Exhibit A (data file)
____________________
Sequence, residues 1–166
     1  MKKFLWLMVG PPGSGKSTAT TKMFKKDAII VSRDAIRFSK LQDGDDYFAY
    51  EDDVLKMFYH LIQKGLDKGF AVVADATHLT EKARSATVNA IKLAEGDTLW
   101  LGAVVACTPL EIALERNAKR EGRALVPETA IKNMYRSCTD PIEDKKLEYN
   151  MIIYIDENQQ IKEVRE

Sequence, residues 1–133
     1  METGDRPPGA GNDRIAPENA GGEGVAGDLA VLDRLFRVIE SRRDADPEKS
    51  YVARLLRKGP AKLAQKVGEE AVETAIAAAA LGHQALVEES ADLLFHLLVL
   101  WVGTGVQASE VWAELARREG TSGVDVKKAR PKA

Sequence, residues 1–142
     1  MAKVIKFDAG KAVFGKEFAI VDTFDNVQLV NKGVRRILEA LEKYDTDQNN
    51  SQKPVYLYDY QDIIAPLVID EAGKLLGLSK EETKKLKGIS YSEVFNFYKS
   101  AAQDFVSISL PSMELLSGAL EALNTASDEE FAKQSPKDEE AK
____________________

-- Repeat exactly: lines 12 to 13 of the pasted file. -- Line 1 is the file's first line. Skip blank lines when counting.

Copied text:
    51  SQKPVYLYDY QDIIAPLVID EAGKLLGLSK EETKKLKGIS YSEVFNFYKS
   101  AAQDFVSISL PSMELLSGAL EALNTASDEE FAKQSPKDEE AK